Gal Gadot Weighs in on Wonder Woman U.N. Ambassador Controversy: It’s “Not Fair”
Gal Gadot still can’t believe how much hubbub there is surrounding Wonder Woman.
The Israeli star, who first played the superhero in Batman v Superman: Dawn of Justice and will reprise the role again in the first standalone film, and her onscreen persona were recently named an honorary ambassador to the U.N. Fictional characters such as Winnie the Pooh and Red from Angry Birds had received the honor, but sirens sounded when Wonder Woman was tapped.
More than 600 U.N. staffers signed a petition to remove Wonder Woman from the position, claiming “a large-breasted white woman of impossible proportions, scantily clad in a shimmery, thigh-baring body suit with an American flag motif and knee-high boots” was not an appropriate icon for Honorary Ambassador for the Empowerment of Women.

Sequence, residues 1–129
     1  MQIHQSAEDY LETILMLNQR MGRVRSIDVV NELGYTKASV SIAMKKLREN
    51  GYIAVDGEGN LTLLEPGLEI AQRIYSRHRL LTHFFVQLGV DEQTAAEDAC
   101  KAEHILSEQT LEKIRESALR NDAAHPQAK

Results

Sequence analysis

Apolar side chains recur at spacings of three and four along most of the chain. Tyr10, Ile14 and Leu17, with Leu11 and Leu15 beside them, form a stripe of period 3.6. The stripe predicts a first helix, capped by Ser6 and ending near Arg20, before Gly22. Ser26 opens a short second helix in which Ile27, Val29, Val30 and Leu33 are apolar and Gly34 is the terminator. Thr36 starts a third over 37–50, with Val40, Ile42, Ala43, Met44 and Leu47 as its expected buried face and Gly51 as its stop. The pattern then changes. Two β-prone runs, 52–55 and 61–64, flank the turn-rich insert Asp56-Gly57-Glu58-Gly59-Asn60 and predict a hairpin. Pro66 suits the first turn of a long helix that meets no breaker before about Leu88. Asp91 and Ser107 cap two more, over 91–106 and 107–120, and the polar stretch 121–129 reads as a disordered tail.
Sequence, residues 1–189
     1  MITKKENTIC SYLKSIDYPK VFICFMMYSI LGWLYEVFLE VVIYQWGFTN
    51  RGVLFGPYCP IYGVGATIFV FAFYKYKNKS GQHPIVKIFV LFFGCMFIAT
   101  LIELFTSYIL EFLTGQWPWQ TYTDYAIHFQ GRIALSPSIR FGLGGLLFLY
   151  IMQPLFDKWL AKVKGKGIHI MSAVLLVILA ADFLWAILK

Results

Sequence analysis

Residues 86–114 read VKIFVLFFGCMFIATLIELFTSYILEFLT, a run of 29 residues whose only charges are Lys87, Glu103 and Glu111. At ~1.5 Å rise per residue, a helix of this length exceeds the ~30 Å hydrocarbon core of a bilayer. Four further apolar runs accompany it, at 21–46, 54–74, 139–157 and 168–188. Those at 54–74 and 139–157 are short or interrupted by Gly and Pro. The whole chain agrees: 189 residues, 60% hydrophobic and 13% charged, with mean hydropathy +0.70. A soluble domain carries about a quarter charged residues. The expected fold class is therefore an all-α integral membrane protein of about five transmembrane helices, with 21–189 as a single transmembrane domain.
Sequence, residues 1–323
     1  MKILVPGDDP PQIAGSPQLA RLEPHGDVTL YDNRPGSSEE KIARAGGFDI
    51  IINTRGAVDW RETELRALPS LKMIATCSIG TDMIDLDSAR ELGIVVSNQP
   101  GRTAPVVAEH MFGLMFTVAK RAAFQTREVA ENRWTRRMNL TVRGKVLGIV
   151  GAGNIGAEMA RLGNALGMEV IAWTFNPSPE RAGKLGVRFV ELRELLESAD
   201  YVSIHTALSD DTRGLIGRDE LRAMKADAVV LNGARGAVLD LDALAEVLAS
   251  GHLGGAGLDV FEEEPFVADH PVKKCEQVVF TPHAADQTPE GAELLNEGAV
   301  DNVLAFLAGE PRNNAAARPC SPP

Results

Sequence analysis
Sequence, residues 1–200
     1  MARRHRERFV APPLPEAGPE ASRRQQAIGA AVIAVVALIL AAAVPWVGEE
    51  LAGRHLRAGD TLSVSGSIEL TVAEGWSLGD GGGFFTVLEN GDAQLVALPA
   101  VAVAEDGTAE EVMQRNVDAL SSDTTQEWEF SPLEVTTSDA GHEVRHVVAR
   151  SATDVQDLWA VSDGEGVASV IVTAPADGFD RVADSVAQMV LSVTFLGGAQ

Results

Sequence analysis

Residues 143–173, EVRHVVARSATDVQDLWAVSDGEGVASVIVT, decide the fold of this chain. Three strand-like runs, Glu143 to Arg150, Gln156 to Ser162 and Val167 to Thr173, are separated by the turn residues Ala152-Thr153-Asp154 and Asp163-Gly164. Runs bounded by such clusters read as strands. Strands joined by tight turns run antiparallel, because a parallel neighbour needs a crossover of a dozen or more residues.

Gadot thinks there are more important issues to think about than Wonder Woman’s hemline. “There are so many horrible things that are going on in the world, and this is what you’re protesting, seriously?” she asks Time, rhetorically.
“When people argue that Wonder Woman should ‘cover up,’ I don’t quite get it,” she says. “They say, ‘If she’s smart and strong, she can’t also be sexy.’ That’s not fair. Why can’t she be all of the above?”
Facing intense pressure, the U.N. revoked Wonder Woman’s ambassadorial privileges.
Gadot has spoken passionately about her role as Wonder Woman since she first received news that she got the job. Even more important than Wonder Woman making it to the big screen, however, is the fact that a woman is directing the very first standalone film.
“With Patty [Jenkins], it’s a thing now, we communicate with our eyes. She doesn’t need to say a thing,” Gadot told Entertainment Weekly. “If I’m hurt, she feels the pain. It’s a whole different connection that I have with her. She’s also brilliant, she’s bright, she’s fierce, she’s sharp. She knows exactly what she wants Wonder Woman to be.
“It’s a story about a girl becoming a woman,” Gadot added. “I think only a woman, who has been a girl, can be able to tell the story in the right way.”